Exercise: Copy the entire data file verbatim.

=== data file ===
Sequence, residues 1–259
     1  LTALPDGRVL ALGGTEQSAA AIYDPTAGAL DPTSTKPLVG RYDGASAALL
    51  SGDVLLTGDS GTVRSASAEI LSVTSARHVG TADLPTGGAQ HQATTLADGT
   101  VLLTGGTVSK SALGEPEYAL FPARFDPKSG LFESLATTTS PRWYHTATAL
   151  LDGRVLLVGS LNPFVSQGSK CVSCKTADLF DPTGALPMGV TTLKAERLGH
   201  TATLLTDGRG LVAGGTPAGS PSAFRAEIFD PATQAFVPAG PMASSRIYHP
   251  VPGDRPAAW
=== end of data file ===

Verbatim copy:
Sequence, residues 1–259
     1  LTALPDGRVL ALGGTEQSAA AIYDPTAGAL DPTSTKPLVG RYDGASAALL
    51  SGDVLLTGDS GTVRSASAEI LSVTSARHVG TADLPTGGAQ HQATTLADGT
   101  VLLTGGTVSK SALGEPEYAL FPARFDPKSG LFESLATTTS PRWYHTATAL
   151  LDGRVLLVGS LNPFVSQGSK CVSCKTADLF DPTGALPMGV TTLKAERLGH
   201  TATLLTDGRG LVAGGTPAGS PSAFRAEIFD PATQAFVPAG PMASSRIYHP
   251  VPGDRPAAW